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Biological and Humanistic Approaches to Personality

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Biological and Humanistic Approach to Personality

Humans are intrigued about the notion of their existence, often question why their behavior is so, and why they have acted in the results of their actions. Could humans be destined to their behavior and actions at birth or do humans develop these traits as they grow and gain experience? These are all good questions that encompass the human mind and are translated in to psychology through theories. This paper will focus on the biological and humanistic approach to personality, why people act as they do. Furthermore, the paper will explore Maslow's theory on the hierarchy of needs and why growth needs the influence of personality formation, they biological factors that can influence the personality formation, and the relationship of biological factors to Maslow's theory.

Biological and Humanistic

Theorist believe that the biological approach to an individuals personality derives not at birth but is hereditary, another word is genetic. The whole approach to the belief that an individuals personality is first started at birth is out the door, and the person knows their personality from what their parents is. Theorists also state that each individual is biological person who focus their growth of personality through temperament, genes, and even traits. The biological approach gather that an person's personality characteristics become inherited or biologically influenced by hormones (Friedman & Schustack, 2009). It also goes as far as to say that the biological approach stems from the neutrons in a person's body. That the neutrons are the first steps of creating a persons feelings, actions, thoughts, and beliefs (Friedman & Schustack, 2009). In contrast is the humanistic approach, in which this personality focuses on the psychology of existential. It is the ability to make free will decisions and places an emphasis on spiritual and personal responsibility. It also emphasizes on the belief that all persons are born good, without ill intentions, and the respect for all humans. Theorists go as far as to say that under the humanistic approach, an individual achieves their personality through experience and growth. The humanistic approach sets itself apart from other theories in which is places an emphasis on subjective meaning, rejecting determinism, placing emphasis on positive growth not pathology (McGraw-Hill, n.d.).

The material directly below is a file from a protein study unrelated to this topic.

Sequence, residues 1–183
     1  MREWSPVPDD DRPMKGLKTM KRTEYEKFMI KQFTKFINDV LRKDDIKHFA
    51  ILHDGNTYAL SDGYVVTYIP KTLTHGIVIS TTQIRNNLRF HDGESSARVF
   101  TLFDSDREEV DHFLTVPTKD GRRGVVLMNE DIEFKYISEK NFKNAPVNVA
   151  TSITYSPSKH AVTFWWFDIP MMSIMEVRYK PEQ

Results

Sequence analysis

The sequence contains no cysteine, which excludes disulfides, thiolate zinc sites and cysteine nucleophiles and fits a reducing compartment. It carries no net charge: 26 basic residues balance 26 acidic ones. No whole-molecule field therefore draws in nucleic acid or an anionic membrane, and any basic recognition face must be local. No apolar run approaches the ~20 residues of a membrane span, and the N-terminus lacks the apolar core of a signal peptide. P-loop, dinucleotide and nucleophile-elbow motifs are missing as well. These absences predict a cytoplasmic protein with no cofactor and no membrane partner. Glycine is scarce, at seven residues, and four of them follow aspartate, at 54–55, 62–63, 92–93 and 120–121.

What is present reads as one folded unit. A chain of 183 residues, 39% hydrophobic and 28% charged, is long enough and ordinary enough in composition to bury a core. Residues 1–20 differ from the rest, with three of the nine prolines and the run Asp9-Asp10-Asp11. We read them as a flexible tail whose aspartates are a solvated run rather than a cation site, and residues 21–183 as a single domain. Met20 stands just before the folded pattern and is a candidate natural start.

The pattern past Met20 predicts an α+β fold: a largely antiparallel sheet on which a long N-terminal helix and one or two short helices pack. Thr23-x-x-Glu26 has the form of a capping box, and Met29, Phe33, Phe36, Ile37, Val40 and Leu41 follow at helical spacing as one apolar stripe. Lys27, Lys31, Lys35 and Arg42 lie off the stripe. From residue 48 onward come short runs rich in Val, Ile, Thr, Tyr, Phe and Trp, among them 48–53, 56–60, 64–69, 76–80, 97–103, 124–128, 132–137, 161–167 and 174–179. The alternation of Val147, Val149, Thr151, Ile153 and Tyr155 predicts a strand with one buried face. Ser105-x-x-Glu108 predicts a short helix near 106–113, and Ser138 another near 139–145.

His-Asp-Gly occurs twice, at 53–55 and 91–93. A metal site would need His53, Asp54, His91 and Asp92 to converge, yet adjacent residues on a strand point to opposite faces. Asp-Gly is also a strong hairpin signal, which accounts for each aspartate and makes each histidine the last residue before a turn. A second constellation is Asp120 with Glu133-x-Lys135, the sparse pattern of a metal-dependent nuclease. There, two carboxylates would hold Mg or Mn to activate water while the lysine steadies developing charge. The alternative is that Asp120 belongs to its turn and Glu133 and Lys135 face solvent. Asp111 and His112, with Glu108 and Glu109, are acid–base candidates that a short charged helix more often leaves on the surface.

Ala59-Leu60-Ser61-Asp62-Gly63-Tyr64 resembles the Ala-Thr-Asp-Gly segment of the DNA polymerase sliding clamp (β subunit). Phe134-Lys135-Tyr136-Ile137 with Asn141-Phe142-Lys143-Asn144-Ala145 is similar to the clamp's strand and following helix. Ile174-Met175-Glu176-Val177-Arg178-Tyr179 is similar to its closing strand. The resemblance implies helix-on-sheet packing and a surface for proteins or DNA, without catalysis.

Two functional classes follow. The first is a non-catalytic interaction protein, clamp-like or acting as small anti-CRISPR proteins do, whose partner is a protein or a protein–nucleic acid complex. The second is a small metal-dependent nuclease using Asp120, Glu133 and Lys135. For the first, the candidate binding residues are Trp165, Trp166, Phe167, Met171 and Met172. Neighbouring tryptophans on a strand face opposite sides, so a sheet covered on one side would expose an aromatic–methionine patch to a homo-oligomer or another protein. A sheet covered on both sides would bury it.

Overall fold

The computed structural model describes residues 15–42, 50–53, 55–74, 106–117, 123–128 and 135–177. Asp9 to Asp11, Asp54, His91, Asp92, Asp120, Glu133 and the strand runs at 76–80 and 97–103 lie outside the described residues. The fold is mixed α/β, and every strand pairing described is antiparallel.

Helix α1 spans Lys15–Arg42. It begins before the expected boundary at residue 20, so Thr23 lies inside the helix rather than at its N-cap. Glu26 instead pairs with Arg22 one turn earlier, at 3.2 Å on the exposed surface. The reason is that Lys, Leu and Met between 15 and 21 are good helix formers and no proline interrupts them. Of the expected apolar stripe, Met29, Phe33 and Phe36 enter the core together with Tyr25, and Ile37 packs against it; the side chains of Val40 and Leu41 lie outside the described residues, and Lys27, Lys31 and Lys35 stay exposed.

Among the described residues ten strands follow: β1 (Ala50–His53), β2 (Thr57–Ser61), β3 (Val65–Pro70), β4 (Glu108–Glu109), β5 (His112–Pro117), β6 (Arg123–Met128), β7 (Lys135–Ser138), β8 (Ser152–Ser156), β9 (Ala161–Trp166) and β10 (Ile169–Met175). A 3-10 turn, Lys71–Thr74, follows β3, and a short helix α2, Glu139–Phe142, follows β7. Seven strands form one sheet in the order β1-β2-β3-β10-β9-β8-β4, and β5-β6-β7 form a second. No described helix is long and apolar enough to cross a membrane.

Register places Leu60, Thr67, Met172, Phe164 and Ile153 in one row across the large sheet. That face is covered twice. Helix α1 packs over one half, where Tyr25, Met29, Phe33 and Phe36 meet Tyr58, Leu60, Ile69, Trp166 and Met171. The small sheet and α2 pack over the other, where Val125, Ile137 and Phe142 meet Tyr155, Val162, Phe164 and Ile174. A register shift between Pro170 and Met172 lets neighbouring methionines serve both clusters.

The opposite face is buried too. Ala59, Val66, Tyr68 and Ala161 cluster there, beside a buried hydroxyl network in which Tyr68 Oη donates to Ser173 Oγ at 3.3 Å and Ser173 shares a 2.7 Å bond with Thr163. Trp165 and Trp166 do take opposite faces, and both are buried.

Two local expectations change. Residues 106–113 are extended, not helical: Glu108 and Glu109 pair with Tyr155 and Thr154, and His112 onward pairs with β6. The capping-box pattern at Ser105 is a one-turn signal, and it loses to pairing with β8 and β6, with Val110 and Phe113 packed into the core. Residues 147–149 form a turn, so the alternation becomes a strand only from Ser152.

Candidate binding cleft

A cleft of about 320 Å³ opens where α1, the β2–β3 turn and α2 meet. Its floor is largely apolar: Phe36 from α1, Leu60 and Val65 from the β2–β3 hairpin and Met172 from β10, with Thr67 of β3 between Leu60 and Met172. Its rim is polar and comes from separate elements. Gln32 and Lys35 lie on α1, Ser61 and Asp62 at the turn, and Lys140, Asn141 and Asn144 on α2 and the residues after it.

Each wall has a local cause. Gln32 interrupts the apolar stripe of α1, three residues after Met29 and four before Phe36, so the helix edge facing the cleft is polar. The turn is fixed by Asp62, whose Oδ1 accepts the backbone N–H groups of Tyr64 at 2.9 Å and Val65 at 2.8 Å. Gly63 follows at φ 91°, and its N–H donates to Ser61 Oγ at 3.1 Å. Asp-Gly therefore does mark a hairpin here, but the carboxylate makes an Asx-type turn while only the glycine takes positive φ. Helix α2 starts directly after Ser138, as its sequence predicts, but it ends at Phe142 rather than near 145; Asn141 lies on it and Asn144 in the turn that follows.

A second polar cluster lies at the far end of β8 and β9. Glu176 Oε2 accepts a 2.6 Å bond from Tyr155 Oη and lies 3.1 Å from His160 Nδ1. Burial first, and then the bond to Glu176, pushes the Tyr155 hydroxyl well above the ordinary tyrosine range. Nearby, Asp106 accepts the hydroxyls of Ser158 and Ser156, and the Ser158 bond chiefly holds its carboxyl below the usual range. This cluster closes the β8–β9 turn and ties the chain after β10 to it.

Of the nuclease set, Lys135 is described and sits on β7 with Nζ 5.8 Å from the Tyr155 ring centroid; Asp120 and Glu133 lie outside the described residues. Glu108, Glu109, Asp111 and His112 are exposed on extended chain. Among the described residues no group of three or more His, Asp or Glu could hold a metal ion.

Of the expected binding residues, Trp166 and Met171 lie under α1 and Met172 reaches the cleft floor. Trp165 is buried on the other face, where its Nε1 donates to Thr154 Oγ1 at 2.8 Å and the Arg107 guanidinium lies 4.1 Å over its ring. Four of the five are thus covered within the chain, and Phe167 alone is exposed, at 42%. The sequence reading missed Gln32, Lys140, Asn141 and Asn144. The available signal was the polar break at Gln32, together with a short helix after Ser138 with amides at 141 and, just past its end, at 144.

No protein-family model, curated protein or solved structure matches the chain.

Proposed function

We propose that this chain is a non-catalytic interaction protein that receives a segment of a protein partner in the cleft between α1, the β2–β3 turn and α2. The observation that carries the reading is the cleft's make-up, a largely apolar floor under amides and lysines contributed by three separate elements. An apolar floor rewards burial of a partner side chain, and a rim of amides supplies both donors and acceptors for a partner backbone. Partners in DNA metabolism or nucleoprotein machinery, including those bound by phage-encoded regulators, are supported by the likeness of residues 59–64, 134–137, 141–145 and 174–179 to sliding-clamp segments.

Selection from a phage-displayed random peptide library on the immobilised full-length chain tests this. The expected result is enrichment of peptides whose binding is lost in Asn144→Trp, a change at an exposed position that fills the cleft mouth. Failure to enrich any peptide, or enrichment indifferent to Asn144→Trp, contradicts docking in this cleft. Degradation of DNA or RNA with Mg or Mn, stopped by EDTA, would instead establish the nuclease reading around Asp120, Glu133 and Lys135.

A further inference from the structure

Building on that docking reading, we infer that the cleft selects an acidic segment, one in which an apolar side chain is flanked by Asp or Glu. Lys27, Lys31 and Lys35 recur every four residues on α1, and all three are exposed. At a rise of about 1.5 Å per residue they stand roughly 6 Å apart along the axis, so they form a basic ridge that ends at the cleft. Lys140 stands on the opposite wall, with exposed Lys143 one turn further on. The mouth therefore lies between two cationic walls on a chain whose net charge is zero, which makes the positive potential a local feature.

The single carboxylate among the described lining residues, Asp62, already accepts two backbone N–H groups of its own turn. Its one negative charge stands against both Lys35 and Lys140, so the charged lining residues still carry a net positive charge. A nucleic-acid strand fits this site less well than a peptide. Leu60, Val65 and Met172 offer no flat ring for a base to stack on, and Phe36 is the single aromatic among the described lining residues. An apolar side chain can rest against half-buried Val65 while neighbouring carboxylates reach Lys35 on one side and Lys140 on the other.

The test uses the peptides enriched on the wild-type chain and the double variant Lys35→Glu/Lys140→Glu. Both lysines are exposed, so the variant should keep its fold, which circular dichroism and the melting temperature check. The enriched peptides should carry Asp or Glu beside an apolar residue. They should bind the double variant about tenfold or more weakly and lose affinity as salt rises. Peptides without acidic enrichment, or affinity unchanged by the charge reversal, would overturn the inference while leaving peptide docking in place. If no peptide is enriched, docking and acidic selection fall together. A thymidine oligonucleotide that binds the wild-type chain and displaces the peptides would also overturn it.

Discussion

Maslow's hierarchy of needs

Humanist theorist Abraham Maslow created what is known as one of the greatest theories, the hierarchy of needs. Maslow believed that each person is born with needs that must be met. He created five different basic steps to the hierarchy of needs that consisted of the physiological needs, safety needs, social needs, esteem needs, and self-actualization needs. It is important to know that the process of each relies on previous, first starting with physiological and ending in self-actualization needs. He created it much like a pyramid. First the physiological need, which of course is a necessity for an individuals growth is the need for shelter, water, sleep, and oxygen. In order to proceed to the next part of the hierarchy the physiological needs must be met. Second is the safety and security need, where individuals will seek a way to become stable, find a place that will keep them from harm, and often finding safety among people who protect them. The third is the social need that consists of being loved, belonging to something or with some one, affection,



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